Allan Murdoch, who runs Mowi’s Gorsten farm, said that while the average FCR for salmon is 1.2 (a fish needs around 1.2kg of feed to grow 1kg), the Linnhe network is now regularly producing FCRs of 1.02 to 1.07.
Cameras have been used at Gorsten for over 15 years and were rolled out across the whole of Mowi a few years ago, and Murdoch is in no doubt about their benefit.
Speaking to Mowi Scotland’s staff newsletter, The Scoop, he said: “Before the cameras, you had to go by surface response, you couldn’t see into the pen to check that the salmon were eating below the surface. Now the cameras show us everything and we have found that we can feed the fish a lot more accurately, improving both conversion and growth, which of course, saves us money.”
With feed accounting for more than 50% of the cost in fish farming, Murdoch believes the camera operator, who is in control of the feed, has the most important job on the farm.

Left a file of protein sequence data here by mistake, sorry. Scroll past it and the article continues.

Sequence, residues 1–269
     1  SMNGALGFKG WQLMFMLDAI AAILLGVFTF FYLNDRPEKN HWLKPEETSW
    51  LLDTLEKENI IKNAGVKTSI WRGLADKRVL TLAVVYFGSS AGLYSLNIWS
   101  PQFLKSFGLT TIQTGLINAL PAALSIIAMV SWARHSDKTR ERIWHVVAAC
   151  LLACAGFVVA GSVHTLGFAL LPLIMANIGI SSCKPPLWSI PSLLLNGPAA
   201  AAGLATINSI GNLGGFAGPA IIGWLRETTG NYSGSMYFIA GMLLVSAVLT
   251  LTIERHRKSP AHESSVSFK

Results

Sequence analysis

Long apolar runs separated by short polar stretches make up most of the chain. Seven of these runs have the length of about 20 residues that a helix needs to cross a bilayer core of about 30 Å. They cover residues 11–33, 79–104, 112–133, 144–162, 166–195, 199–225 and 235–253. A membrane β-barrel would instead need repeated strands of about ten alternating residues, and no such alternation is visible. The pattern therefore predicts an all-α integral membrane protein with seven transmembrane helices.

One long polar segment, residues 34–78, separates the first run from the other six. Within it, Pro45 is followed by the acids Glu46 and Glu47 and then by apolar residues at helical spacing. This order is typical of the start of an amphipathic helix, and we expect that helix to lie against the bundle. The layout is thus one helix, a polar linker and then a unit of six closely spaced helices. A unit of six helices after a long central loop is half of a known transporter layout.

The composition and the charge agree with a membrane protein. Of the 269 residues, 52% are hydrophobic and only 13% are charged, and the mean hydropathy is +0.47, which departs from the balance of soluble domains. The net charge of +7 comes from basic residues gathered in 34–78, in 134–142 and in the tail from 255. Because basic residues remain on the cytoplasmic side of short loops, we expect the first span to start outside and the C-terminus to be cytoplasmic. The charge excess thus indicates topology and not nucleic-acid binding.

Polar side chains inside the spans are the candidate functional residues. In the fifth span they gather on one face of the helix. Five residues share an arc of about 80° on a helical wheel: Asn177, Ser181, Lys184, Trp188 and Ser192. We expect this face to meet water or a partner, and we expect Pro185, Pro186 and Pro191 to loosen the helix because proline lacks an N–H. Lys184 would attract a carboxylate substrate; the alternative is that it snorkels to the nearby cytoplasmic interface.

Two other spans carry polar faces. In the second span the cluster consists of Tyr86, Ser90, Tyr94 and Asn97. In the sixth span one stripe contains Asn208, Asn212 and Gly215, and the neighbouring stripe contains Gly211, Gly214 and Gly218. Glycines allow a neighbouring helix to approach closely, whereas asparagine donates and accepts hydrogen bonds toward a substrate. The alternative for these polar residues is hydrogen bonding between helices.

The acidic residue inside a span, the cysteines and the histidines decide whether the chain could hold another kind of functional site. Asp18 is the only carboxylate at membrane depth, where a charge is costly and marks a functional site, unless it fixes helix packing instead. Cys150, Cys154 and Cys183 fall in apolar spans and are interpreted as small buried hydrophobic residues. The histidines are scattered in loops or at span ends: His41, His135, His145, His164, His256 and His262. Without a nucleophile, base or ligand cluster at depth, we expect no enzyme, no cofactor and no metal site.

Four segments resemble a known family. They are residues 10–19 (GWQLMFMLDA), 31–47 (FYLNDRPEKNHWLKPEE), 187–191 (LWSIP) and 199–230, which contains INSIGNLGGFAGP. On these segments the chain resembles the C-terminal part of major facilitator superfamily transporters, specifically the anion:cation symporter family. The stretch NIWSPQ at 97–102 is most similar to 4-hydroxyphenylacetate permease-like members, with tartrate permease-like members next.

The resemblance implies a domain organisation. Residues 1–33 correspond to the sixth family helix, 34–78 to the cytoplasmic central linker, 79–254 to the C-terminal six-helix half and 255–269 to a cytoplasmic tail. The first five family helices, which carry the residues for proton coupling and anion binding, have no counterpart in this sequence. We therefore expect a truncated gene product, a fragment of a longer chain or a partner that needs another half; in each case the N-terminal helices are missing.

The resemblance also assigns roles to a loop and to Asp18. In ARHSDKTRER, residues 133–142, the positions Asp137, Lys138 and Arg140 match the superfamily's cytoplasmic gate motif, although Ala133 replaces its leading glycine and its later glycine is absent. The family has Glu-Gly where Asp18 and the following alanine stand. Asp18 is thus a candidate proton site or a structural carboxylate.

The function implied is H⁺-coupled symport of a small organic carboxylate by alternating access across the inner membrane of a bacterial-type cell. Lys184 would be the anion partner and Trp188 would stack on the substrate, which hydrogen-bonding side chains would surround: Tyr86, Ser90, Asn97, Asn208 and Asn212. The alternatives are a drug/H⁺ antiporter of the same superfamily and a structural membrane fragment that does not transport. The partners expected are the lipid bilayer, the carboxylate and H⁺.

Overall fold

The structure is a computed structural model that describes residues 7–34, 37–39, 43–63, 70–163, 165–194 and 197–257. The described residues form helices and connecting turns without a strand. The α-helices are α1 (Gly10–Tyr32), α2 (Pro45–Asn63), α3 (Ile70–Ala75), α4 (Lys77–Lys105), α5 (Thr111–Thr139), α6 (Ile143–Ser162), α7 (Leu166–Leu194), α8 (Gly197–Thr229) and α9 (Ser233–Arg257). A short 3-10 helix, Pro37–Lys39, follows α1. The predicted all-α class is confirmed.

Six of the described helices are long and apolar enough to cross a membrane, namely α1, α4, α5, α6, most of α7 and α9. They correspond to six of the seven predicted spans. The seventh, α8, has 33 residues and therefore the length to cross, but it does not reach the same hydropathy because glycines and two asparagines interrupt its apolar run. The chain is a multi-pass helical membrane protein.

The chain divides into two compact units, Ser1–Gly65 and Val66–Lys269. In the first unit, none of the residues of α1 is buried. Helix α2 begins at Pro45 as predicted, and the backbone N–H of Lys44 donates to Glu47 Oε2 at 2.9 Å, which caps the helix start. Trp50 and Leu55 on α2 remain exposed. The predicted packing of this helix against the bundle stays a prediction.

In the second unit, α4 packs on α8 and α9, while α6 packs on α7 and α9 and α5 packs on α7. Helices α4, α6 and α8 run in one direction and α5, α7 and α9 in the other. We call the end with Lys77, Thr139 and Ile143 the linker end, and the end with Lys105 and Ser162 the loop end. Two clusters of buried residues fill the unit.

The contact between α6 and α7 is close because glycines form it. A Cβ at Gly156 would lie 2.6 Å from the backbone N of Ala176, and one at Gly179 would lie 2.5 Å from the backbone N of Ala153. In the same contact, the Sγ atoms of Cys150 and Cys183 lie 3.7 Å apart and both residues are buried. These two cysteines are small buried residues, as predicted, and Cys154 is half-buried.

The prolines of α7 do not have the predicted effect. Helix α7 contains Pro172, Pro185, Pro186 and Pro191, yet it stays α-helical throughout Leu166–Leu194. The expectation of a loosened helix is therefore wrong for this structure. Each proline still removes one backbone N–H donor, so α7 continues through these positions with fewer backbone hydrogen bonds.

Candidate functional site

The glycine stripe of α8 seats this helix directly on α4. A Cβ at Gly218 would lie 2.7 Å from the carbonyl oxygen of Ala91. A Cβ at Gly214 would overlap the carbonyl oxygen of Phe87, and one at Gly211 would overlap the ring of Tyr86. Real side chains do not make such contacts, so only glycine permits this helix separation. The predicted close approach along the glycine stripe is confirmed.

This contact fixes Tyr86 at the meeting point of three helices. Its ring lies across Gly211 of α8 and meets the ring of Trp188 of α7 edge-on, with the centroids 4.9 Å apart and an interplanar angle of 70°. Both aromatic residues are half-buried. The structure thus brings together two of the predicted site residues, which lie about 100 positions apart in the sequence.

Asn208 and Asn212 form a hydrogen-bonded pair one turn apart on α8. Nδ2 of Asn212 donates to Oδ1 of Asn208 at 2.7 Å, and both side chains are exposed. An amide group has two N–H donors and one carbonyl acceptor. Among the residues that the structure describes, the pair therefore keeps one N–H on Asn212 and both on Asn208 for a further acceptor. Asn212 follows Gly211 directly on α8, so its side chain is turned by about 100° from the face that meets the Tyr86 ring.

On a global level last year, Mowi used 1.14kg of feed to grow 1kg of salmon, according to its annual report.
More fish out than in
Mowi’s fish in-fish out (FIFO) ratio, which expresses the number of kilograms of wild fish it takes to produce 1kg of salmon, was 0.75 last year (0.73 in 2017), meaning that a smaller volume of fish was caught for Mowi’s feed than was produced by its farms.
The FIFO ratio refers specifically to forage fish caught for the purpose of producing fish feed and does not include trimmings from other fish products which are used to supplement the fish meal and fish oil in salmon diets.
In 2018 Mowi used 43,397 tonnes of blue whiting, capelin, Atlantic herring, North Sea herring, Norwegian spring spawning herring, sprat, pout, sand eel and trimmings from mackerel, capelin and herring – all sourced from the north-east Atlantic - plus 3,111 tonnes of Gulf menhaden from the USA, to produce its fishmeal.
Most of the 36,123 tonnes of fish, including trimmings, used to produce fish oil for its feed came from the US (10,422 tonnes of Gulf menhaden), Mauritania (8,147 tonnes of sardinella), Iceland and Denmark (7,324 tonnes of blue whiting, capelin, North Sea herring, Baltic herring, Norway pout, sprats and trimmings from mackerel, cod and herring) and Turkey (6,255 tonnes of European anchovy). The remainder came from Peru.